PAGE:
Difficult Dialogues_ Rewarding Solutions

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					More for Less
(and High Quality Too):
Heartland Perspectives on America‟s
Human Capital Challenge

Chris Rasmussen
Midwestern Higher Education Compact

Student Financial Aid Research Network
27th Annual Conference
June 12, 2010 – San Diego, California

   “Difficult Dialogues” project – part of
    Lumina Foundation’s “Making
    Opportunity Affordable” initiative
   Objective: facilitate cross-sector
    dialogue and problem solving in an
    “intellectually safe” environment
   Launched at MHEC’s November 2008
    policy summit in Minneapolis

   Developed in consultation with
    Public Agenda
   Utilized “Choicework” framework
   Two phase process:
       Phase I: Policy Summit, Nov 2008
       Phase II: Dialogues in all 12 MHEC
        states, April to December, 2009
   Involved ~350 participants
Participants – Phase I

   12 dialogue groups
       State legislators
       Other state government officials
       Faculty and institutional administrators
       System personnel
       Association representatives
       Community leaders
Participants – Phase II
(Single stakeholder groups)      Faculty
   Administrators – public      Graduate students –
    comprehensive                 public flagship
   Adult/continuing             K-12 teachers
    education directors
                                 Legislators (twice)
   Business leaders
                                 Undergraduate
   Community college             students – private
    leaders                       college
   Community                    Young professionals
    organization leaders
Dialogue Process

   Presented three general approaches
       Focus on institutions
       Focus on students
       Focus on systems
   Part 1: Define and analyze problem
   Part 2: Identify potential solutions
   Policy summit dialogues: 4 hours
   State dialogues: 2-3 hours
Dialogue Process

   Thought experiment:
       Suppose you had to increase the
        proportion of adults in the United
        States with a college degree by 20
        percentage points by 2025 with no
        increase in funding and no decrease in
        quality. How would you do it?
Phase I: Problem Definition

   Shared sense of urgency
   No easy answers
   Move past blaming others to
    develop systematic approaches
   Less consensus on benchmarks and
   Unease with business models (and
Phase I: Solutions

   Improve college readiness to reduce
    the need for remediation and
    promote student success
       Increased rigor in HS curriculum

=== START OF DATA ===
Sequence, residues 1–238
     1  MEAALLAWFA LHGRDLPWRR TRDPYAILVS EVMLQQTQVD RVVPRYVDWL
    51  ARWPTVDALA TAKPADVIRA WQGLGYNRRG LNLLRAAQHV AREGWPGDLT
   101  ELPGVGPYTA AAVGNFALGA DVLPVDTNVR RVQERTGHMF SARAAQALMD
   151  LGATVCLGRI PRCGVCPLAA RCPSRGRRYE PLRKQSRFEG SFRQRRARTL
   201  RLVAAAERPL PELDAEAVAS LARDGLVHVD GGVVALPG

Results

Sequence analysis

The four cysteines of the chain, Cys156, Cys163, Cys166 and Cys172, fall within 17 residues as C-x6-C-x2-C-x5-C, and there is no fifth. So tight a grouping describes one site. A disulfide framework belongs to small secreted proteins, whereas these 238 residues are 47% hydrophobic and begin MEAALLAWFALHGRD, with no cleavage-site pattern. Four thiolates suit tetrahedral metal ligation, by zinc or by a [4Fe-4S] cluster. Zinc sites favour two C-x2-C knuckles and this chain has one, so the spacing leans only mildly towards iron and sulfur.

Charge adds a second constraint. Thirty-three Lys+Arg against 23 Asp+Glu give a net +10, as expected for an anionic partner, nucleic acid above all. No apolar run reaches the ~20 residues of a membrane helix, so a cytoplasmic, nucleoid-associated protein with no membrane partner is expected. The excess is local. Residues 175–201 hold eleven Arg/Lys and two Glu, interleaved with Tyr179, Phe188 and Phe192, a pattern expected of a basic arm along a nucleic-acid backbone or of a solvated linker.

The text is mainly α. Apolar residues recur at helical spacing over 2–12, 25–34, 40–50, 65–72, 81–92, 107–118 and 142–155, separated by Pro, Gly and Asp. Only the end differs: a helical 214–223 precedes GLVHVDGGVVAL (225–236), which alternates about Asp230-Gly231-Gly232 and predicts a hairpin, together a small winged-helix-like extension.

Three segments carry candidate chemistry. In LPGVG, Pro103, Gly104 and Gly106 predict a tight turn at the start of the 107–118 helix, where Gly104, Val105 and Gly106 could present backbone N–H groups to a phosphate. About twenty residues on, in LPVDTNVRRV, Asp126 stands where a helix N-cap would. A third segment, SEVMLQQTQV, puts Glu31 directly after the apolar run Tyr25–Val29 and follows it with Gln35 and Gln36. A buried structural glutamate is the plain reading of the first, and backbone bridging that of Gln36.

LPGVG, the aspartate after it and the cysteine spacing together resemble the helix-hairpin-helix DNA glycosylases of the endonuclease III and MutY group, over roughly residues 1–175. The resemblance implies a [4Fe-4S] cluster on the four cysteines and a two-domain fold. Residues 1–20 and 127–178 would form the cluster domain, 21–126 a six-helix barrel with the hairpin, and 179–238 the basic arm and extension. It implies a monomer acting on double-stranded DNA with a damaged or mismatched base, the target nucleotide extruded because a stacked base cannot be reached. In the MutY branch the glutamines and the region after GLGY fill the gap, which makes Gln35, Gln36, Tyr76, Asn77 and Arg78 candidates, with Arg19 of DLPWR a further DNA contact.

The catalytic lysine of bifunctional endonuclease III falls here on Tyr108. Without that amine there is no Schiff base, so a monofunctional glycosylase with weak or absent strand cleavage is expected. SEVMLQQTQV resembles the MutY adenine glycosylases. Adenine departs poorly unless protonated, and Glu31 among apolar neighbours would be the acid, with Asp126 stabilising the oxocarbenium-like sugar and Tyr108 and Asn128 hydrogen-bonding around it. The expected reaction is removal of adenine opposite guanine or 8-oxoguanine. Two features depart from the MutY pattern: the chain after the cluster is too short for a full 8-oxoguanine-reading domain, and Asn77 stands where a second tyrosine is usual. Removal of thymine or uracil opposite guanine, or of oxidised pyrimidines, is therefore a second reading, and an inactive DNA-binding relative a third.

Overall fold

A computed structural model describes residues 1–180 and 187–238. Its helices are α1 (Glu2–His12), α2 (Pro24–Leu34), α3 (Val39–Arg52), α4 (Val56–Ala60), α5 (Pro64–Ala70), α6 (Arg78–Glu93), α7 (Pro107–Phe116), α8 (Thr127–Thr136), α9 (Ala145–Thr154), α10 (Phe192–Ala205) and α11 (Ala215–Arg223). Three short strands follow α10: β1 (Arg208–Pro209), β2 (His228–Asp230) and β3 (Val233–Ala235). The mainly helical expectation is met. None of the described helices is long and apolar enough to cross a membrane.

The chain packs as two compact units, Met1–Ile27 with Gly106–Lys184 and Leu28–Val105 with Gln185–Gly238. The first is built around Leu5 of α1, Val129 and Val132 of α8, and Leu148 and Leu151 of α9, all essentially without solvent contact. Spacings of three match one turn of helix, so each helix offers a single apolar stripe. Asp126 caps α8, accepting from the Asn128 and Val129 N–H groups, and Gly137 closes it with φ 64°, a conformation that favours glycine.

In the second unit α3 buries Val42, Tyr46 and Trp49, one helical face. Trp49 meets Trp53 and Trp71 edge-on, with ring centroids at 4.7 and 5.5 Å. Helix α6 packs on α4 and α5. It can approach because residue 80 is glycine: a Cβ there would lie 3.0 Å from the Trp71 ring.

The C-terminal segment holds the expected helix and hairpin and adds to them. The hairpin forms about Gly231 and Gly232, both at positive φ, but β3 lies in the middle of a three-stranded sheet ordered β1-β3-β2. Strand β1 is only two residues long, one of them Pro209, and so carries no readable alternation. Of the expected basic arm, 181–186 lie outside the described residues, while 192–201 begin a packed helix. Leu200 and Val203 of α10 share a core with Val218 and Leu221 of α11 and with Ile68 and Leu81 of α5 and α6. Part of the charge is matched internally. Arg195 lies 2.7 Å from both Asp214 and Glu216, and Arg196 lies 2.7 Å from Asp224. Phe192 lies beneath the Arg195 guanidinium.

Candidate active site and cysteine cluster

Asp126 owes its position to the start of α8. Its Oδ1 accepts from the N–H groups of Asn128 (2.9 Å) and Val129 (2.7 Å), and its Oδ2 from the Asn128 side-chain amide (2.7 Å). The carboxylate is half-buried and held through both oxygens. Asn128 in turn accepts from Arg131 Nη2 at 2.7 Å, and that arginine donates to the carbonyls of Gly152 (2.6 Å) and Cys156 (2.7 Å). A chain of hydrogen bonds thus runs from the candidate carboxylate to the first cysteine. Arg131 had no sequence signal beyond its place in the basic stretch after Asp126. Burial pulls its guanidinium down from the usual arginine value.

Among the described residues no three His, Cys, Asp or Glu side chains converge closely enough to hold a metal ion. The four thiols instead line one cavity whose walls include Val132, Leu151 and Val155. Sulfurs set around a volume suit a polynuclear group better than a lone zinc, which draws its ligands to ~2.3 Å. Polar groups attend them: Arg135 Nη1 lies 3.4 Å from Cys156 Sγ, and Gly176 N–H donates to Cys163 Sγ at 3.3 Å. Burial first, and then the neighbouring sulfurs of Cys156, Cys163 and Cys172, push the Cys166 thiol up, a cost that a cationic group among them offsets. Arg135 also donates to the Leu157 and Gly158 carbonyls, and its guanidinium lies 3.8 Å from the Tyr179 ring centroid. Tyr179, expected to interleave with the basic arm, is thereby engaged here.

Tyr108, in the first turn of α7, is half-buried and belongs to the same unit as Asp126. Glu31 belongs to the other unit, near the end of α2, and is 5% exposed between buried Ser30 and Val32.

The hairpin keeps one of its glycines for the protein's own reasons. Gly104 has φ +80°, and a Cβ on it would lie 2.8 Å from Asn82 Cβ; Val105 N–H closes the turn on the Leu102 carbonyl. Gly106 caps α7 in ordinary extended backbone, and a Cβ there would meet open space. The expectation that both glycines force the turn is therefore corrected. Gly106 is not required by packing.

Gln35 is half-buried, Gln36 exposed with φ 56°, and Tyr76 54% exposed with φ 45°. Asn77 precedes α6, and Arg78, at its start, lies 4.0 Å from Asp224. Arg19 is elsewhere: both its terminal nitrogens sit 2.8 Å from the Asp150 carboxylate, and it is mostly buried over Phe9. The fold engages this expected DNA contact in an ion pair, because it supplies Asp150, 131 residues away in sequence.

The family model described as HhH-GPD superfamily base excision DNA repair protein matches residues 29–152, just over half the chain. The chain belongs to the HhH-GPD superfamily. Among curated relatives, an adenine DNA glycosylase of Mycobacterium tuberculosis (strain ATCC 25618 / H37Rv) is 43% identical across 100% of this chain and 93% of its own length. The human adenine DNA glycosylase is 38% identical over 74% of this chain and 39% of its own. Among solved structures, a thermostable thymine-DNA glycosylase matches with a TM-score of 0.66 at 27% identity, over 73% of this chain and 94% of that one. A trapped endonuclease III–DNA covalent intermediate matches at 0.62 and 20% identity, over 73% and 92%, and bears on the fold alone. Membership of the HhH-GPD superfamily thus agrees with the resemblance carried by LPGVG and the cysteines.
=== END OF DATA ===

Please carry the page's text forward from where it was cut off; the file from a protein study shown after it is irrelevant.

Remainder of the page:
   Better alignment of HS curriculum and
        college admissions standards
       Earlier identification of remedial needs
       Better counseling and advising

   Improve retention of current college
       More intensive advising in the first year
       Mentoring from faculty and staff
       More “relevant” curricula
       Progress and completion incentives
        (including monetary awards)

   Create integrated P-20 systems
       Expansion of accelerated learning
       Better matching of postsecondary
        programs to local and regional needs
       Improved coordination among different
        K-12 and higher ed entities
       Differentiate institutions and curb
        “mission creep”

   Use incentives and business models
       Reward faculty for mentoring and
        excellent teaching
       Use data to drive improvement
       Determine appropriations partly by
        success in meeting completion goals
   Encourage innovative approaches to
    teaching, learning, advising, and
Policy Summit Follow Up
    Report of policy summit written by John
    Immerwahr of Public Agenda:
       Difficult Dialogues, Rewarding Solutions:
       Strategies to Expand Postsecondary
       Opportunities While Controlling Costs
   Report sent to summit participants and
    300+ additional stakeholders
   Link to the online version sent to all
    college/university presidents in the Midwest
    and in e-newsletter
Phase II: Emergent Themes
   The student centered approach was
    the most popular by far
       Improved guidance counseling around
        college requirements and preparation,
        institutional choices, and financing
       Need for greater academic rigor,
        particularly in the senior year of HS
       Need for better outreach and
        information to students and families
       Admit only those students that have a
        better than average chance of being
Emergent Themes
   “I think we really do need to start coming
    in to narrow students down for the path
    that they want to make their career. And
    instead of having these well-rounded
    students come out halfway educated in
    every area, let‟s try to focus on making
    them very educated in the area they want
    to pursue, and have the best of the best of
    each individual area.”
Emergent Themes
   “To say college is your main path to a
    career, I mean that is just school to work
    on steroids, and I never liked school to
    work. These folks we‟re talking about going